guy-digging-a-hole

But now imagine that I can’t actually see any of the progress as it happens, and I will only know if it went well when one day, either sewage backs up into my toilets or not.  Wow, okay.  Same labor proposition, but with opaque progress and all-or-nothing results.  Earthworm Jim now sounds more appealing.  I have no idea how Jim’s knowledge translates into money or outcomes, but I take it on faith.

Journeyman Idealist Ditch Diggers

Now imagine that instead of my house, I run a massive construction company and I’m building several developments simultaneously.  Jim is my digging foreman, and I trust him to make sure we dig ditches.  Jim asks people lots of questions about topsoil acidity and demands they estimate how many aphids could fit onto a leaf.  All of that seems kind of stupid to me, but what do I know?  The ditches get dug, so it must be working.  And, besides, for some reason every ditch digger around seems to want to work here because we have “interesting soil” and Jim uses that outsize demand to tell them that aphid-know-nothings like them deserve to start at a lower pay grade.

I have hired, in Jim, a journeyman idealist.  And he hires in and indoctrinates more of the same.

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Preemptively Identifying Dead Seas

Today, I’m going to try to tie various strands of my life together into one lanyard of efficiency.  I haven’t done a reader question for a while, so I’ll change that today.  In this post, I’ll offer a terminology nod to dead seas, a now-defunct term that became one of my favorites.  The best context I can now offer lies here, in a post of mine, summarizing it.

A few months back, I made a post on NDepend called, “What to do When Your Colleague Creates Spaghetti Code.”  In this post, I described a caricature that I randomly named Bill, who you might recognize as sort of a quintessential expert beginner.  I subsequently received a reader question about this subject.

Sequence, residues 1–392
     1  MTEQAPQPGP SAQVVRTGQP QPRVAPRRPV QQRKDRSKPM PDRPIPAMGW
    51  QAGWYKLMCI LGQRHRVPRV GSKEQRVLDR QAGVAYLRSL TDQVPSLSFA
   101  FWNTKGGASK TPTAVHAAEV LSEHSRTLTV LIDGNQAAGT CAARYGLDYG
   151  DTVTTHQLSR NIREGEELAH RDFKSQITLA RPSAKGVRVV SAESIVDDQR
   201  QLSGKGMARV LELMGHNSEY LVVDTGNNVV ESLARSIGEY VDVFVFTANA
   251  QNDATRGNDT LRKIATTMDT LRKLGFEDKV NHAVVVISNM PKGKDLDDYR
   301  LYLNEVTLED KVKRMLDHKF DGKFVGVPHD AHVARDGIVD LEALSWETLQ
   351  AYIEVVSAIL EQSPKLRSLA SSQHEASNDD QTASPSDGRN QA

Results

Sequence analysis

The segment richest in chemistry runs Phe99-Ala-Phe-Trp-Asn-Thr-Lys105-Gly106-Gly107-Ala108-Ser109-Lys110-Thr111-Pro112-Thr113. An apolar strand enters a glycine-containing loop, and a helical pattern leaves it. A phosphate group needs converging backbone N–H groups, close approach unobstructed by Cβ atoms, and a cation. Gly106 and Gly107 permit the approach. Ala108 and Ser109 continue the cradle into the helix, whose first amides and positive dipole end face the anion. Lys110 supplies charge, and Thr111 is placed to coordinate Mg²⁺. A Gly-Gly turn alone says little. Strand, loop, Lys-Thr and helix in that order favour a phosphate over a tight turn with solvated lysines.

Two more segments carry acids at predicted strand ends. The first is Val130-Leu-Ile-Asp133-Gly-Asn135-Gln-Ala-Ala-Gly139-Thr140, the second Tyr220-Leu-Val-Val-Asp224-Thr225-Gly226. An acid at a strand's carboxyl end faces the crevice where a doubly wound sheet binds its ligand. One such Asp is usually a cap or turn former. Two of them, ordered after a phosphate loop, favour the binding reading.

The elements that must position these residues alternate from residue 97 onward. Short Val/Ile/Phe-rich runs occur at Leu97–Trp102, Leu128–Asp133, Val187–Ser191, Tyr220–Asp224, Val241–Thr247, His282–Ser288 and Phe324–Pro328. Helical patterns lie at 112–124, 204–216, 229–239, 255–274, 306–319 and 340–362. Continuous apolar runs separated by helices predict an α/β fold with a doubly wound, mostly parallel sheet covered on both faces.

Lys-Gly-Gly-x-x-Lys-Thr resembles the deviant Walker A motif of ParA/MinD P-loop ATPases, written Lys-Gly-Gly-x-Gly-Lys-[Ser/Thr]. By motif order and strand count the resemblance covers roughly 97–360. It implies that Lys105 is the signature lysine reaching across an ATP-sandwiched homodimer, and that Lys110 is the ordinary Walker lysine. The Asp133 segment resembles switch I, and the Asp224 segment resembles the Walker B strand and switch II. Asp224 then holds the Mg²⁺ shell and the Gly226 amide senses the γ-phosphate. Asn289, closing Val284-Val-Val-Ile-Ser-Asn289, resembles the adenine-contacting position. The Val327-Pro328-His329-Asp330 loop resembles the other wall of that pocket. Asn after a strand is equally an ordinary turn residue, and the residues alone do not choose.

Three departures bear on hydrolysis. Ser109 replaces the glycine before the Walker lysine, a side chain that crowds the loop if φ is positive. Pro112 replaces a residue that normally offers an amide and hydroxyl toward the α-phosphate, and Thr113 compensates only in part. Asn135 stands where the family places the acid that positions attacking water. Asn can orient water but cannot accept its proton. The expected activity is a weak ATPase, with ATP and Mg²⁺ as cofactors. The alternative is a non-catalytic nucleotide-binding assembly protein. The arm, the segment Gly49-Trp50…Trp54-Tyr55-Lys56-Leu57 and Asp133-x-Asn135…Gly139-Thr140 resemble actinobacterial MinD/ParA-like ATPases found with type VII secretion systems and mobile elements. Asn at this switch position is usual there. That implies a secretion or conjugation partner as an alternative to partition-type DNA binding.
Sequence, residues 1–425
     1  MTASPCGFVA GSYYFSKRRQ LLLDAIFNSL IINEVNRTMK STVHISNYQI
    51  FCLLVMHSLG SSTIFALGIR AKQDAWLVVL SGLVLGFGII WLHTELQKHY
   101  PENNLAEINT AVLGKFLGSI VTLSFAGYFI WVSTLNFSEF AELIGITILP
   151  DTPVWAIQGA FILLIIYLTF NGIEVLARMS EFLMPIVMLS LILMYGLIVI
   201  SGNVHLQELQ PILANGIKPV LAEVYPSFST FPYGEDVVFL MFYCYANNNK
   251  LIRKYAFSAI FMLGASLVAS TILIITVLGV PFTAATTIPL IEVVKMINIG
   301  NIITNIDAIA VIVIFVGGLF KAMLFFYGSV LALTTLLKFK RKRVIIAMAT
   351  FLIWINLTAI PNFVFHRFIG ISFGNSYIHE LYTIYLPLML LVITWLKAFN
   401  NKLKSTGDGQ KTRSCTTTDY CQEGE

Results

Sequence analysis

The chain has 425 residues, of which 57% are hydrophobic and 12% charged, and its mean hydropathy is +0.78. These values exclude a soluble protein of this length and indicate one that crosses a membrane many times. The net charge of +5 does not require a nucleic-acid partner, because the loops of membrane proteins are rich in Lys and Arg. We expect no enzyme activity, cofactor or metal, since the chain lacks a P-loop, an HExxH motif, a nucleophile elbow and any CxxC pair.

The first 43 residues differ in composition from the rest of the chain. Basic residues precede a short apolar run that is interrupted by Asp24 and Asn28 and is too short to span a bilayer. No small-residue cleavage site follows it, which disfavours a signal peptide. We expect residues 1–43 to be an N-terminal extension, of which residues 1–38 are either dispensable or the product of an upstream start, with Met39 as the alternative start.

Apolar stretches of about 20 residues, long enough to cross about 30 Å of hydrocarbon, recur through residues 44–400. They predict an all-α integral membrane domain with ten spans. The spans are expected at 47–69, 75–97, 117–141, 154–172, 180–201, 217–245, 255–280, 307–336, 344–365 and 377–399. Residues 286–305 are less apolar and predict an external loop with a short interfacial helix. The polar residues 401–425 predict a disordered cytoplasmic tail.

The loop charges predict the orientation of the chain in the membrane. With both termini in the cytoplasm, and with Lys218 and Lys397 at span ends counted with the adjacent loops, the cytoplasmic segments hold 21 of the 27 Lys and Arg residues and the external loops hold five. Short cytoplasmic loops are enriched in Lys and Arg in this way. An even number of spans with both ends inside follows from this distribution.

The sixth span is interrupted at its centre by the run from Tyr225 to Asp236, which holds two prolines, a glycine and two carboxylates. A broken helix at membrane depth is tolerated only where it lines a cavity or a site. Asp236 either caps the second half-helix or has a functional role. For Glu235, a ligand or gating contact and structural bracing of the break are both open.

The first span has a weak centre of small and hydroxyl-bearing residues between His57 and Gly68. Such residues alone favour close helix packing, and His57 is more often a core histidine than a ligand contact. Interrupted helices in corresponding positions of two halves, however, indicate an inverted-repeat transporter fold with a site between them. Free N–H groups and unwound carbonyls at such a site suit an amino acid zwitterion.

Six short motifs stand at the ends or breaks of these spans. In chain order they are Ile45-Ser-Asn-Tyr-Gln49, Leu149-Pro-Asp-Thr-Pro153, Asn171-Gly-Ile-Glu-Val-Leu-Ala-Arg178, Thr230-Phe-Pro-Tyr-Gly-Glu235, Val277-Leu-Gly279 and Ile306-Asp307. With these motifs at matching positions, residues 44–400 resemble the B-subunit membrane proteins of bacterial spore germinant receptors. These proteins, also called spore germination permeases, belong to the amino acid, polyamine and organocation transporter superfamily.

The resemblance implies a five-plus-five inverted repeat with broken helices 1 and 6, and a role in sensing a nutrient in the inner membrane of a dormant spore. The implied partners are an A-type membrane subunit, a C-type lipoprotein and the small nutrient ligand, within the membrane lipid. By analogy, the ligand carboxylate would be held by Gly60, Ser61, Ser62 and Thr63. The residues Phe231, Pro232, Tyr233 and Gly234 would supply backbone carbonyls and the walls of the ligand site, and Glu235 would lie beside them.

How can I tell if the company interviewing me has a “Bill?” (i.e. “How can I preemptively identify expert beginners?”)

Well, I’ll take a crack at that.

Expert Beginner Primordial Soup

I think that a meaningful examination of this question requires us to look at the conditions that give rise to such archetypes.  In the original series/book, I cover part of it.  The organization must draw sort of a neat little box around the techie group and then put an advanced beginner in charge.  From there, the concoction needs to simmer in a nicely insular environment, in which the budding expert beginner receives no real negative feedback, second guessing, or industry exposure.

But this assessment focuses entirely on the software development organization.  An ensconced expert beginner reigning over some miserable, backward fiefdom requires “the business” as an accomplice.  Simply put, it requires the operational laziness to allow your business to be ruled by an unaccountable “expert” operating with utter opacity.

Expert Beginner Hut

Imagine you started a pizza shop and hired a pizza chef to run the kitchen.  Then imagine that you completely delegated the cooking to the chef, as you should.  Life treats all of you well for a while and you develop some business.

But now complaints from customers start to come in about the taste and presentation of the pizza.  “My pizza was incredibly salty and all of the pepperoni was isolated to three slices!”  When you bring this problem to the chef, he tells you that such is life when it comes to making pizza—and, also, get out of the kitchen.  You don’t taste the pizzas coming out or look at them or launch any sort of investigation when his pizza chef assistants serially quit, muttering about his incompetence.  You just count the inbound trickles of revenue and assume that’s as good as it gets.